• Backup Application Client Side Deduplication Some industry backup applications offer a form of data deduplication in the application server agents or clients. The intent is to be able to eliminate tape using standard disk along with the backup application. The deduplication occurs at the backup agent/client on each application server. Data deduplication is a very compute intensive process. Resource utilization will increase significantly if deduplication is run in the application server (client side), and slow down backups dramatically. To minimize this impact, client side deduplication software approaches use a less-efficient form of Figure 7 - Client Side Deduplication deduplication. Typically they use 64KB or 128KB fixed blocks where they achieve a data reduction rate of about 6-7:1. By comparison, target-side appliances that use byte, zone-byte or segment- block with variable length content-splitting average from about a 20:1 to as much as a 50:1 data reduction ratio, or a minimum of approximately three times that of the software approach. Running a compute intensive deduplication process on your applications servers creates other performance and availability challenges. Furthermore, databases and email, which are 80% of the Monday through Thursday backups, are still sent as full backups. This means that only 20% of the nightly data is actually deduplicated, by client side deduplication, during the week. The true impact is on the Friday night full backup, where 80% of the data is unstructured file data. In addition, the software approach to deduplication can only process data that comes from its own proprietary agents. It cannot deduplicate data from other sources including other backup applications, utilities or data base dumps. Strengths  Great fit for deduplicating data from small remote sites, then replicating it back to a corporate datacenter for backup.  This approach can shorten the backup window, but only on the Friday full backup. During the week, backups are still full backups for data base and email. Weaknesses  Requires new agents on servers; added risk and cost of changing agents.Sorting Through the Confusion P a g e 15 |
  •  Deduplication ratio is only 6-7:1 and the disk space required increases quickly. Bandwidth usage to a second site is high as the deduplication ratio is only 6-7:1. By comparison, target-side appliances that use byte, zone-byte or segment-block with variable length content splitting average from about 20: 1 to 50: 1 data reduction ratio, or at a minimum three times that of software deduplication.  Cannot deduplicate data from:  Veeam, VizionCore  Lightspeed, SQL Safe, Redgate  Direct SQL Dumps, Direct Oracle RMAN Dumps  Bridgehead for Meditech data  Direct UNIX TAR files  Other traditional backup applications Summary  Very good for replicated remote site data back to a corporate datacenter  Very few businesses actually use this approach due to its risk to application servers and weaknessesSorting Through the Confusion P a g e 16 |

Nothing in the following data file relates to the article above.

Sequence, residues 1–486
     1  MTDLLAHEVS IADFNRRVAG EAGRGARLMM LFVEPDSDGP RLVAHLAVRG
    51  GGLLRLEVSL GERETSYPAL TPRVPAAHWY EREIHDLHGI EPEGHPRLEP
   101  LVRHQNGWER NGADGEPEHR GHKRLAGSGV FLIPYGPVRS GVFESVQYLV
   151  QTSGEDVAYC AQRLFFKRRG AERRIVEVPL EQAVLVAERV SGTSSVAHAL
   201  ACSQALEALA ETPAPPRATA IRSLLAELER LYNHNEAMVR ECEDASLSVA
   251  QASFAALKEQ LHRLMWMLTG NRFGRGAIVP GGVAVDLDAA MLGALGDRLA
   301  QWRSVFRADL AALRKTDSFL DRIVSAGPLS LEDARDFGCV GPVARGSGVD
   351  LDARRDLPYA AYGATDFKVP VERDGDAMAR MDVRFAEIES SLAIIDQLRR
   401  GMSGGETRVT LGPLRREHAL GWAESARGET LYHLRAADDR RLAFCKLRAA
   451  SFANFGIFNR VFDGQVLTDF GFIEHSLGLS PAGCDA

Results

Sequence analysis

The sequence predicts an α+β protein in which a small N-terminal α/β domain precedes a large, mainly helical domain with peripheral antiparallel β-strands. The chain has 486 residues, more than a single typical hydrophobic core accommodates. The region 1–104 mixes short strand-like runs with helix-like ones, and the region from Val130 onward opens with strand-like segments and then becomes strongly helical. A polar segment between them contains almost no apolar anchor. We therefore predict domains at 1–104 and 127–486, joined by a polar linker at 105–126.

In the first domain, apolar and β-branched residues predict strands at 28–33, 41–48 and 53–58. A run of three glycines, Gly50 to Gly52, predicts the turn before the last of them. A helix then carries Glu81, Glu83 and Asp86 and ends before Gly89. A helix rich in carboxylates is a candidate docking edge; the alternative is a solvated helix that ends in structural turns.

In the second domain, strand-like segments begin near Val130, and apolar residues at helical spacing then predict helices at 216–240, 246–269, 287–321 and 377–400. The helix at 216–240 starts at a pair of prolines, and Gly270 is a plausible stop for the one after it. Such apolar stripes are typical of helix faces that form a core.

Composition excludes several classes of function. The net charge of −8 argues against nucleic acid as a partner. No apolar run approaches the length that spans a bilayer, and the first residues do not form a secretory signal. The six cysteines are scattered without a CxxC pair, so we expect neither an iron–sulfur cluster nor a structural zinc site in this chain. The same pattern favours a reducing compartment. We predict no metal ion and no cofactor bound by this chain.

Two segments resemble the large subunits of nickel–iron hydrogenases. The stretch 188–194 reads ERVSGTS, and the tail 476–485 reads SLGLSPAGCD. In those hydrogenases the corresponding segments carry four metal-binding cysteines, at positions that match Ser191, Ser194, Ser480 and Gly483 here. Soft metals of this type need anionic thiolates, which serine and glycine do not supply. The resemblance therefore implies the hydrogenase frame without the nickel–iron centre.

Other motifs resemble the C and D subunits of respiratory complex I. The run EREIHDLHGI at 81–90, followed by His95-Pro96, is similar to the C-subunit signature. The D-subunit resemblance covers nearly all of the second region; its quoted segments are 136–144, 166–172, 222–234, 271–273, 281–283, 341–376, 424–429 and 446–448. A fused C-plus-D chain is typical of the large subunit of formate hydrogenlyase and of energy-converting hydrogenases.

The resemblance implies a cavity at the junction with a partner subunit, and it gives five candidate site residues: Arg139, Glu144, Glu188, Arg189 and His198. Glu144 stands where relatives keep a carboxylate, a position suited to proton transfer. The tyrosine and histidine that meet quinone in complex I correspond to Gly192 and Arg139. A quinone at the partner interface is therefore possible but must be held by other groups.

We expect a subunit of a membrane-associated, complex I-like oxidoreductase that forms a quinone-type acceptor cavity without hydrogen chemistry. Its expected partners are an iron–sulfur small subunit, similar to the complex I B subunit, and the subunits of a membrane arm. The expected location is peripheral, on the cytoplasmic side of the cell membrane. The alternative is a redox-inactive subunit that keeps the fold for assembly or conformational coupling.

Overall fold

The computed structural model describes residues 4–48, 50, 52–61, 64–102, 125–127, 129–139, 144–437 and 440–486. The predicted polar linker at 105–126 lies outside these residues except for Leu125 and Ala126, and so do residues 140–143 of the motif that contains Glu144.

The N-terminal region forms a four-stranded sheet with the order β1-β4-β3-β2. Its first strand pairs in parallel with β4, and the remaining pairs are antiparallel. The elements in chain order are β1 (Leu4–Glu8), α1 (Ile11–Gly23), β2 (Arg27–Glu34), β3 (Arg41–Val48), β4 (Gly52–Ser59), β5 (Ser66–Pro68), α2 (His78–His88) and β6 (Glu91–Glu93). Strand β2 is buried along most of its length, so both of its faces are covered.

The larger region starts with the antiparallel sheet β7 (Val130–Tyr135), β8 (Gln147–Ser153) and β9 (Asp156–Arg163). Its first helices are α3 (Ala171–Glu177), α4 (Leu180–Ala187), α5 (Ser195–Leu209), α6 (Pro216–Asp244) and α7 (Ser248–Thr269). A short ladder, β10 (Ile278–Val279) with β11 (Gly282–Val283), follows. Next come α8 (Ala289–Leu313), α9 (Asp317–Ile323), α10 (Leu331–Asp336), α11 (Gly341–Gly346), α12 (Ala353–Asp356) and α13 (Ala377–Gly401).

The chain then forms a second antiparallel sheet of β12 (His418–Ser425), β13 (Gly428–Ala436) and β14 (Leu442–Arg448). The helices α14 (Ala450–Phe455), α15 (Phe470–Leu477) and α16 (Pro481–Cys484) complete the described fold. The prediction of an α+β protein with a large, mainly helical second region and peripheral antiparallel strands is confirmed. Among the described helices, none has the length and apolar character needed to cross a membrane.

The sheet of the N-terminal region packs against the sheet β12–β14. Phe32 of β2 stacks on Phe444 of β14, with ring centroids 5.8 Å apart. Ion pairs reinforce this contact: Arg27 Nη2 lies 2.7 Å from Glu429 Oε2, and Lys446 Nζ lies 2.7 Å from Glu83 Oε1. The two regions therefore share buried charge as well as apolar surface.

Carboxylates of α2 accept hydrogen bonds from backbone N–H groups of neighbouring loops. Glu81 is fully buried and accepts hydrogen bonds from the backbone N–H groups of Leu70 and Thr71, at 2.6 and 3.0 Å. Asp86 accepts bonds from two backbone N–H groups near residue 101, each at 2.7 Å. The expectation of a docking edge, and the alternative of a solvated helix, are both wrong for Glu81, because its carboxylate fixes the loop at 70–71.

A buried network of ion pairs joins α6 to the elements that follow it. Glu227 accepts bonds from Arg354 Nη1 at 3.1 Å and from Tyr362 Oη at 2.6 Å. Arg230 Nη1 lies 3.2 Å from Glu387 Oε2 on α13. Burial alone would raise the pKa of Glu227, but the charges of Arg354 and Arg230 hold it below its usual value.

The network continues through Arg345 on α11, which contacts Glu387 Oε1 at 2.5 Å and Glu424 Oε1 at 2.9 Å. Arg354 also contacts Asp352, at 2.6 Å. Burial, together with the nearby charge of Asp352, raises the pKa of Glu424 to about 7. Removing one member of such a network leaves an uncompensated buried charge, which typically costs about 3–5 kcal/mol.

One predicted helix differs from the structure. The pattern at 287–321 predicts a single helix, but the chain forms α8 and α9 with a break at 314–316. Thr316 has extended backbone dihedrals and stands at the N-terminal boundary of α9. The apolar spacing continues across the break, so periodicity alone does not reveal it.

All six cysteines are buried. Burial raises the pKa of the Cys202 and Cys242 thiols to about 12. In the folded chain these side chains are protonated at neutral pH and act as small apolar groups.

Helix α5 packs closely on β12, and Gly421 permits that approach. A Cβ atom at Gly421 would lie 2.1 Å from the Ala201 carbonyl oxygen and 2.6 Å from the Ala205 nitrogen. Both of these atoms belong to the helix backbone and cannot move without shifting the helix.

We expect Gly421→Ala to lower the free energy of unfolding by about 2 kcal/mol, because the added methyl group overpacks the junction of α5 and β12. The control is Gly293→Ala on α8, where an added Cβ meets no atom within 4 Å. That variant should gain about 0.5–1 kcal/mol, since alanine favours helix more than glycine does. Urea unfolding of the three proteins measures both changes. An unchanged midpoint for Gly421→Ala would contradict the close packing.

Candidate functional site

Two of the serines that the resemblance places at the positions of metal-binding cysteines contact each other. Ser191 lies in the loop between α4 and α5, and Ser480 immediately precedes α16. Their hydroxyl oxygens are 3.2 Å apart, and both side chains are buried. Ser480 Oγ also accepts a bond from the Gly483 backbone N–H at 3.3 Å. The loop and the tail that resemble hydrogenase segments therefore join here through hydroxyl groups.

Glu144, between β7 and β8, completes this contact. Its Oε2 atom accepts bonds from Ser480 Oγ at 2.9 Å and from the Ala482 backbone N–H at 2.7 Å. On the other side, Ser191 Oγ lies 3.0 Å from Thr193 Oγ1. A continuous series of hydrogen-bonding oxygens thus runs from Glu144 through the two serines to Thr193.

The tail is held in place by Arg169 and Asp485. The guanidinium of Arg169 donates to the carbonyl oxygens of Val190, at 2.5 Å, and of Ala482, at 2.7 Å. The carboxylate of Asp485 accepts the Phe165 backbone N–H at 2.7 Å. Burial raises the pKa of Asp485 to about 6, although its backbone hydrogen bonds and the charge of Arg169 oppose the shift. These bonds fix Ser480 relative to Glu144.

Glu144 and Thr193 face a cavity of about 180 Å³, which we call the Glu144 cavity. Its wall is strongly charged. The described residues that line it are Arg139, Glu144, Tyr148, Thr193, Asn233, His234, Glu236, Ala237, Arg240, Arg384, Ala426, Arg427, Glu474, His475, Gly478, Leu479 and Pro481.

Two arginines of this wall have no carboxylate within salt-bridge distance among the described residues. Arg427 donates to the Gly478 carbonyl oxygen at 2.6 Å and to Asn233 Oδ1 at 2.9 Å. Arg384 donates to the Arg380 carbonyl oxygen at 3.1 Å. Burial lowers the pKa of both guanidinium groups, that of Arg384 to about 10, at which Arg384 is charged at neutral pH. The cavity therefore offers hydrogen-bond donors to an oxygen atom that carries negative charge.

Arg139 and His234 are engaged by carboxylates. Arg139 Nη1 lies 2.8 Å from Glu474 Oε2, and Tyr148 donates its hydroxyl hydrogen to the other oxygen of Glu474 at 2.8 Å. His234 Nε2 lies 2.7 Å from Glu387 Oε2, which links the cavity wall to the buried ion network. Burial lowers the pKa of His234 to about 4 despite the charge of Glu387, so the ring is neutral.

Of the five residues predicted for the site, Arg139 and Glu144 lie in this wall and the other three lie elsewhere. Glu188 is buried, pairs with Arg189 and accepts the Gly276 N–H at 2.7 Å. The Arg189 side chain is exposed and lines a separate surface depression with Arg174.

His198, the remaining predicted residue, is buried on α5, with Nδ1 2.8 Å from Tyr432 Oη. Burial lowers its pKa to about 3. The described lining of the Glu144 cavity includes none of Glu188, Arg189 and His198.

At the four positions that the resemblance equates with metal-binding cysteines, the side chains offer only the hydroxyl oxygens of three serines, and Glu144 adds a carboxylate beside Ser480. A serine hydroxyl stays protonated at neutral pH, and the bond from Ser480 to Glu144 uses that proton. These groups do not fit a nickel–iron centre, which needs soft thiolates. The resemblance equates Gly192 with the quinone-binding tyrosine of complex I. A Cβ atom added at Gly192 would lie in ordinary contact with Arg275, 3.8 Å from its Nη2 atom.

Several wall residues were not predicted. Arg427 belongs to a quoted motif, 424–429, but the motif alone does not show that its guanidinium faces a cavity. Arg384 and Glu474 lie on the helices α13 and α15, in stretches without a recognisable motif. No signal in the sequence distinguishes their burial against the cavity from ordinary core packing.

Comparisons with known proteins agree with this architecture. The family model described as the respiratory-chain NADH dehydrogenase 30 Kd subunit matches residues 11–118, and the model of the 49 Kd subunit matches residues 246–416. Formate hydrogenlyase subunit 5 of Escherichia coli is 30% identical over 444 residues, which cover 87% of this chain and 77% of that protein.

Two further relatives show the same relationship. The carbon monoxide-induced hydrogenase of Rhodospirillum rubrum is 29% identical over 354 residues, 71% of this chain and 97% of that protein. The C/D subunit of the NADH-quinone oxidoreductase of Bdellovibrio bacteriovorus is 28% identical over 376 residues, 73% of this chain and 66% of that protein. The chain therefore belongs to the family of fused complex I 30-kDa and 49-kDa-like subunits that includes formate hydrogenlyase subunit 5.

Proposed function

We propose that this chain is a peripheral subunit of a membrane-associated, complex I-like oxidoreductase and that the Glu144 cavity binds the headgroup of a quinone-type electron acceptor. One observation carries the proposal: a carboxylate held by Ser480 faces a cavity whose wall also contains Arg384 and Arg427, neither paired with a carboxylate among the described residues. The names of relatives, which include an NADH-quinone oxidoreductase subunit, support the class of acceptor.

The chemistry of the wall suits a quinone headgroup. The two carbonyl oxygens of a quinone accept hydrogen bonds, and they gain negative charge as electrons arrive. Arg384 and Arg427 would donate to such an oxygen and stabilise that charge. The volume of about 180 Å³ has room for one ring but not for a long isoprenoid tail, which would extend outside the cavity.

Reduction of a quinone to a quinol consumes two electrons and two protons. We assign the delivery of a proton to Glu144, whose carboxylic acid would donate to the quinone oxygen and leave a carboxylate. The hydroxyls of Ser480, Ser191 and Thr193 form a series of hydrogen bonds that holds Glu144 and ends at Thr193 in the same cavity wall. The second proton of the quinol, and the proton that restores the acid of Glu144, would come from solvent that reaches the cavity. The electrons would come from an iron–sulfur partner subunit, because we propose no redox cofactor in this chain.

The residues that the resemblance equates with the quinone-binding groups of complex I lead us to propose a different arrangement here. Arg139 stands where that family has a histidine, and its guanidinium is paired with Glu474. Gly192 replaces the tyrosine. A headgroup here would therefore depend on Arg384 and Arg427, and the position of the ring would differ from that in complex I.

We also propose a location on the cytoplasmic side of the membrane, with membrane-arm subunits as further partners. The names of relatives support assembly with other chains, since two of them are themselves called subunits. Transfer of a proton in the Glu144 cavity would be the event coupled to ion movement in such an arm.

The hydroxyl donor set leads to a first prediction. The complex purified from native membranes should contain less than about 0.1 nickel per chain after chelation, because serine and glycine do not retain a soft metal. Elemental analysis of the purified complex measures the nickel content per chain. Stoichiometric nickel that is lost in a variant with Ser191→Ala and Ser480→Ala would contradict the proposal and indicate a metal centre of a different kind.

• Purpose-Built Target Side Deduplication Appliances Target-side deduplication appliances are built specifically to replace the tape library in the backup process onsite and, optionally, offsite. Because they are dedicated appliances, the hardware and the deduplication methods used can be optimized for that single purpose. Future disk space requirements to deal with data growth are drastically reduced because deduplication ratios from 20:1 to as much as 50:1 can be achieved, Only the data that changes, about 2% of the backup size, is replicated offsite and requires far less bandwidth. In addition, target-side appliances can process data from a variety of utilities and backup applications. Strengths  No change to your backup environment. Use all backup applications, utilities and dumps you are currently using.  Can take in data from: Figure 8 - Target Side Deduplication Appliance  Traditional backup applications  Veeam, VizionCore  Lightspeed, Redgate, SQLSafe  SQL Dumps, Oracle RMAN dumps  Direct UNIX TAR files  Many other backup applications and utilities  20:1 to as much as 50:1 deduplication ratios use less disk space and far less bandwidth for replication.  Special features for:  Tracking data to offsite Disaster Recovery  Improving Disaster Recovery RPO (recovery point objective) and RTO (recover time objective)  Purging data as the retention policy calls for aging out data Weaknesses  Backup window improves over using a tape library, but not by as much as client side deduplication for the Friday night full backupSorting Through the Confusion P a g e 17 |
  • Summary When evaluating different approaches to replacing tape with disk, take the time to ask the right questions and understand the strengths and weaknesses of each alternative.Sorting Through the Confusion P a g e 18 |
  • About ExaGrid ExaGrid is the leader in cost-effective disk-based backup solutions. A highly scalable system that works with existing backup applications, the ExaGrid system is ideal for companies looking to quickly eliminate the hassles of tape backup while reducing their existing backup windows. ExaGrid’s innovative approach minimizes the amount of data to be stored by providing standard data compression for the most recent backups along with zone-level data deduplication technology for all previous backups. Customers can deploy ExaGrid at primary and secondary sites to supplement or eliminate offsite tapes with live data repositories or for disaster recovery. With offices and distribution worldwide, ExaGrid has more than 3,500 systems installed and hundreds of published customer success stories and testimonial videos available at Through the Confusion P a g e 19 |
  • ExaGrid Systems, Inc | 2000 West Park Drive | Westborough, MA 01581 | 1-800-868-6985 |© 2011 ExaGrid Systems, Inc. All rights reserved.ExaGrid is a registered trademark of ExaGrid Systems, Inc.